These two books have several things in common. At the time of writing both authors were/are in their older years. They write at least in part from their own experience. Both make it very clear that it is best if people begin to prepare for retirement long before they retire. Both emphasize the need to keep reading, learning, and growing in retirement and old age. Both stress the need for acceptance and submission with regard to the entire process of getting older, retiring, and aging. Finally, both deal practically with death in a helpful way.
As I conclude this brief survey I want to highlight eight more books I have read over the past few years dealing with these subjects. I found each of these helpful and would recommend them to those who are interested in reading more.
THREE HELPFUL BOOKS ON DEATH:
THE ART OF DYING: LIVING FULLY INTO THE LIFE TO COME BY Rob Moll (IVP Books, 2010). An excellent resource about death from a Christian perspective.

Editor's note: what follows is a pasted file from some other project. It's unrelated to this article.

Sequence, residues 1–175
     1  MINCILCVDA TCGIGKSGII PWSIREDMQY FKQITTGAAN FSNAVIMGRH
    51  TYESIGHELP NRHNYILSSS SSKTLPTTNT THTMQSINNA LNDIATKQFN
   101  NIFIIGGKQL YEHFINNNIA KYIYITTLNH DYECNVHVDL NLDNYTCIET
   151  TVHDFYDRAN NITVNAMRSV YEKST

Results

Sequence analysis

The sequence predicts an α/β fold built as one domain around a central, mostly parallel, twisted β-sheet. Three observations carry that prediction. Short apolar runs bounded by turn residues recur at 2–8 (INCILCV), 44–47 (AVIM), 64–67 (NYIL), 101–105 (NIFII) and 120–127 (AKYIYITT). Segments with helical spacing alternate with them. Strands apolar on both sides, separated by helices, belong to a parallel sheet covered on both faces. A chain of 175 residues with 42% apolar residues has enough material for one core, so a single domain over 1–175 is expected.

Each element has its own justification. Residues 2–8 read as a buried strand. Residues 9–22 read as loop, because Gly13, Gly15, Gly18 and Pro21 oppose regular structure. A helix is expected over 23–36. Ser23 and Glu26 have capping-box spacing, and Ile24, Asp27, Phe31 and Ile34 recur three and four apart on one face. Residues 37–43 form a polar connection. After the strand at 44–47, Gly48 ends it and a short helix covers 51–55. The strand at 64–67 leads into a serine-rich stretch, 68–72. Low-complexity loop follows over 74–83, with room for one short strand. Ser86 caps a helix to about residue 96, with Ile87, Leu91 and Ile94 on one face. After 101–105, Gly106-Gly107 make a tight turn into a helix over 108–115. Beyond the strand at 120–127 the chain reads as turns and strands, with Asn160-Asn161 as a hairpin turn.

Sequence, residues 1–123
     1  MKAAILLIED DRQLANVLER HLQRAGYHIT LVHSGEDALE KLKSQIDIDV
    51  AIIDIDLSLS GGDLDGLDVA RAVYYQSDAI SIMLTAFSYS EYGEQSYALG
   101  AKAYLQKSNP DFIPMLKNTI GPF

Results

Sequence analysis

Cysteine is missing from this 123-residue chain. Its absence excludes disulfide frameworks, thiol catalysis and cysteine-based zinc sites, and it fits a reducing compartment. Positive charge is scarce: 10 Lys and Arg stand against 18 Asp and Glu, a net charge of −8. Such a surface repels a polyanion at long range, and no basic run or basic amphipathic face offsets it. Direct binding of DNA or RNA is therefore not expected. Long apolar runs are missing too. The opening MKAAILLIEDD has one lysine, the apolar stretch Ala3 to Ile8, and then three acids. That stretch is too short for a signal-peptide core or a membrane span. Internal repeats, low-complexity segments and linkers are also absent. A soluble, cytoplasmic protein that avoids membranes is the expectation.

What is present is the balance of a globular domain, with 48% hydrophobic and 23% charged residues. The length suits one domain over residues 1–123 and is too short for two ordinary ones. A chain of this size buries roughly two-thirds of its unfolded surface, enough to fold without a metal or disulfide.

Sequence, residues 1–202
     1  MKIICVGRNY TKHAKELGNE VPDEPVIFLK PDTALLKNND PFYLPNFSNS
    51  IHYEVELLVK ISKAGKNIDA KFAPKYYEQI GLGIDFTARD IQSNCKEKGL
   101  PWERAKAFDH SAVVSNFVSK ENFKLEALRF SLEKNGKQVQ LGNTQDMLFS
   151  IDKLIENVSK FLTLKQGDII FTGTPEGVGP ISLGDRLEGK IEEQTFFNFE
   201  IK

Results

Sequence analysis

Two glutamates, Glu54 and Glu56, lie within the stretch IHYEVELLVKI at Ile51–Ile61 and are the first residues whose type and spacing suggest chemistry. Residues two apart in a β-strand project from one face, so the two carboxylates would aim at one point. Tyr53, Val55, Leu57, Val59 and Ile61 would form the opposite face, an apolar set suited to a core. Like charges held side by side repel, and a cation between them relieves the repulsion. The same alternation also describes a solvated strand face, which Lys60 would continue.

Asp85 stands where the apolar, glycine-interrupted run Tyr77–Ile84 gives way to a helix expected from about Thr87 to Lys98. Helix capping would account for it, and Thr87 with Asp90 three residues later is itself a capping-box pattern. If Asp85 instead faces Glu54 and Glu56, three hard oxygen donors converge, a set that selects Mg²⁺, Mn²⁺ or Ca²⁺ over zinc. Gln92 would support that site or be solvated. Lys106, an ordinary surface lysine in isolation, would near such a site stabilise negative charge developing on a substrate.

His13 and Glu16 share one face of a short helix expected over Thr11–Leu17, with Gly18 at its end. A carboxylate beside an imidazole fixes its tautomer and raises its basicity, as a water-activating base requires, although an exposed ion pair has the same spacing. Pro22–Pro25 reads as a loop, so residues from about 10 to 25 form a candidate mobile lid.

(Here is a YouTube link to a message/sermon I preached entitled “Dealing with Death” inspired by Moll’s book: https://www.youtube.com/watch?v=zG8SwFUuE-s)
OUR GREATEST GIFT: A Meditation on Dying and Caring by Henri Nouwen (HarperOne, 1994). A brief pastoral consideration of death by a well-known Roman Catholic priest.
Being Mortal: Medicine and What Matters in the End by Atul Gawande (Metropolitan Books, 2014). An honest and gripping look at dying from a surgeon’s experience and perspective.
TWO HELPFUL BOOKS ON RETIREMENT:
Rich in Years: Finding Peace and Purpose in a Long Life by Johann Christoph Arnold (The Plough Publishing House, 2013). A practical book about the post-retirement years from a Christian perspective.
PURPOSE and POWER IN RETIREMENT: new opportunities for meaning and significance by Harold G. Koenig, M.D. (Templeton Foundation Press, 2002). Another practical book about retirement.